Tuesday, February 9, 2010

Christian 'charity' + Christian self-interest

In my Coming Out of the Other Closet article, I mentioned the influence that the 2008 elections had in my evolving into an atheist.

What I did not visit was the fact that during the week of the 2008 elections, 26 kids died in Haiti from starvation. As the state of California prepared to vote away the rights of its gay citizens, Christians and Mormons spent millions of dollars in a diffamation campaign that was fear based, where gays were presented as predators that took advantage of children.

If the Christians had so much money to throw away spreading LIES about people that they didn't even know, they COULD HAVE made a huge difference in Haiti ... particularly at a time when not only was there a world food crisis going on, but our country was also going through the toughest economic era since the great depression.

Now after the earthquake, 'charity' work translates into more visibility for churches and they're using this as a platform to advance the evangelical message and to enhance their image as charity workers. As I read this article on missionary work in Haiti, with the instances of child trafficking and religious propaganda ... and as I see the curious way in which they always put the stamp of their denominations on everything that they do, I am reminded of Matthew 6.

Be careful not to do your 'acts of righteousness' before men, to be seen by them. If you do, you will have no reward from your Father in heaven.
So when you give to the needy, do not announce it with trumpets, as the hypocrites do in the synagogues and on the streets, to be honored by men. I tell you the truth, they have received their reward in full. But when you give to the needy, do not let your left hand know what your right hand is doing, so that your giving may be in secret. Then your Father, who sees what is done in secret, will reward you.

Matthew 6:1-4

The reason why I always remember Matthew 6 in particular is because it coincides with a teaching in the 18th chapter of the Bhagavad Gita that I became acquainted with when I was a worshiper of Krishna. Christ was apparently paraphrasing Krishna. I always thought that was odd and interesting.

Acts of sacrifice, charity and penance are not to be given up but should be performed. Indeed, sacrifice, charity and penance purify even the great souls.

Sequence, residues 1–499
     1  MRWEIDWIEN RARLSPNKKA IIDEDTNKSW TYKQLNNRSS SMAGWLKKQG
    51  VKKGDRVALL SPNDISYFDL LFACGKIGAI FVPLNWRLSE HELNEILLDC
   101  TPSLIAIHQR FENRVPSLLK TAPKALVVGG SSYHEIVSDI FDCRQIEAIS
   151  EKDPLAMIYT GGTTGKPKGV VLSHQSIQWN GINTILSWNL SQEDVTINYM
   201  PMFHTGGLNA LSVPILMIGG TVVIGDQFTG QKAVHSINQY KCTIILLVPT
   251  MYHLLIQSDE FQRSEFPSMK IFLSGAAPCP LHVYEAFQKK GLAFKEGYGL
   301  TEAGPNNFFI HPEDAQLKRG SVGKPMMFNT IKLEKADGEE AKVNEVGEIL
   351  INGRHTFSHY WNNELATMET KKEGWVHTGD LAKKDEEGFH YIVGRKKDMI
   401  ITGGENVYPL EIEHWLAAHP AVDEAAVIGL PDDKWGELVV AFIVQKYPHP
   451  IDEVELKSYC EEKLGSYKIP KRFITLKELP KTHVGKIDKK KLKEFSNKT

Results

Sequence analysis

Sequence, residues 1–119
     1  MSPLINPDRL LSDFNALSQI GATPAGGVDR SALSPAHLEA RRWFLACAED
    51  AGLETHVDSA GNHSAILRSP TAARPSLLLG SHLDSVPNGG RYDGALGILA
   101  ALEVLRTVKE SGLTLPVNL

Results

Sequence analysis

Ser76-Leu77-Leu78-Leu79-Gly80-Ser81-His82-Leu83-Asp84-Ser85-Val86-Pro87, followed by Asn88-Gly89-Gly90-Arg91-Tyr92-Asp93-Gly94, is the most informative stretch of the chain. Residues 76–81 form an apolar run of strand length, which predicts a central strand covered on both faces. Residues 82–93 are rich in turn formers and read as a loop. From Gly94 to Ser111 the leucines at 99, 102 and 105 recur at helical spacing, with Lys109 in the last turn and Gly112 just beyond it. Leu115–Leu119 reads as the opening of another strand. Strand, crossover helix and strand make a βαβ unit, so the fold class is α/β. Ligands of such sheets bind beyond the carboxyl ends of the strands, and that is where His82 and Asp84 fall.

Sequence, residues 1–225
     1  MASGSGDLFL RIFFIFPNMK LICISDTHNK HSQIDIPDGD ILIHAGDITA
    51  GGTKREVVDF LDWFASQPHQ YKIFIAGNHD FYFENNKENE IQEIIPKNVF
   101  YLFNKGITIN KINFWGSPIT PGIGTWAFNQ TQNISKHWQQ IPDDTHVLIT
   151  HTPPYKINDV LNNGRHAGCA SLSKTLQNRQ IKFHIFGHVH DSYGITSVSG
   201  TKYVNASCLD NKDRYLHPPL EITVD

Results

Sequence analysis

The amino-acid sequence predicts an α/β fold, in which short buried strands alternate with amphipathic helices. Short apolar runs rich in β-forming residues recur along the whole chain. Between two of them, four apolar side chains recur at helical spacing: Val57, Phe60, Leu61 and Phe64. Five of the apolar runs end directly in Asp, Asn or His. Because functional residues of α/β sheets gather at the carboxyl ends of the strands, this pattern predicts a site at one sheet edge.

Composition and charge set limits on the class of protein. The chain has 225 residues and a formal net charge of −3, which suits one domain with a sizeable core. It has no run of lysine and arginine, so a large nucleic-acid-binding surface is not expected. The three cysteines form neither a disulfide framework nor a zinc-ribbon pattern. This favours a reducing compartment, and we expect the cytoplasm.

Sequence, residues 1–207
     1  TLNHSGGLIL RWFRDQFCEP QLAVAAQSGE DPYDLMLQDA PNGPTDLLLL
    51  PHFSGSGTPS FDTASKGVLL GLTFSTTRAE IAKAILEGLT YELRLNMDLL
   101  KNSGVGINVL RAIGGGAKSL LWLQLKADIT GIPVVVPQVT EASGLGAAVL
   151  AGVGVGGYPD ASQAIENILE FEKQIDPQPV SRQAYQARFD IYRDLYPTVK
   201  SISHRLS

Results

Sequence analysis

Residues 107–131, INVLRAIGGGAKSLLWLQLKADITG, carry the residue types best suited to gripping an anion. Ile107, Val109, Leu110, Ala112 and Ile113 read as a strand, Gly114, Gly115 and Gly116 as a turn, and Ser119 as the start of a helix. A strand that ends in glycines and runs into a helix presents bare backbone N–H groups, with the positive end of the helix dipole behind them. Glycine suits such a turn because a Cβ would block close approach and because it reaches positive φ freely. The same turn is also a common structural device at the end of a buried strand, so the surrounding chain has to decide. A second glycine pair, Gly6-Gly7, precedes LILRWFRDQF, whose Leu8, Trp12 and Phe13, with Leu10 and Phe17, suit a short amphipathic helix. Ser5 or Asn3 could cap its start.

All these activities should be performed without any expectation of result. They should be performed as a matter of duty, O son of Prtha. That is My final opinion.

Bhagavad Gita 18:5-6

Is it fair to give a religion credit for services that are already known to a secular society as non-profit services? Clearly there is no need for supernatural agency or incentive. Humanitarian work can be done by atheists ... or by people seeking tax breaks. What should we make of Christian charity when it is ostentatious, in view of Matthew 6? What about all the hospitals and schools that are founded by religious groups and bear religious names, yet charge for their services and operate in every way just like all the other hospitals and schools?

Is it really a superior kind of virtue to name your non-profit organization after your religious affiliation when it is rendering the same services as other non-profits in the same industry? Is it fair to claim all this credit for one's religion in view of the teachings of the Christ and Krishna about not giving with a sense of self-interest?

Anyone wanting to give can give to the Red Cross or other aid agencies that are very much invested in helping Haiti, yet these churches are wanting to hog all the credit for being able to reach remote communities, where a lot of their work has to do with being critical of Voodoo and of the local religious culture and promoting Protestant ideals. As if religious zeal was what Haitians really need the most.

"Do not let your left hand know what your right hand is doing, so that your giving may be in secret" ...

"So that your giving may be in secret" ...

"So that ... your giving may be in secret" ...

Something to ponder.

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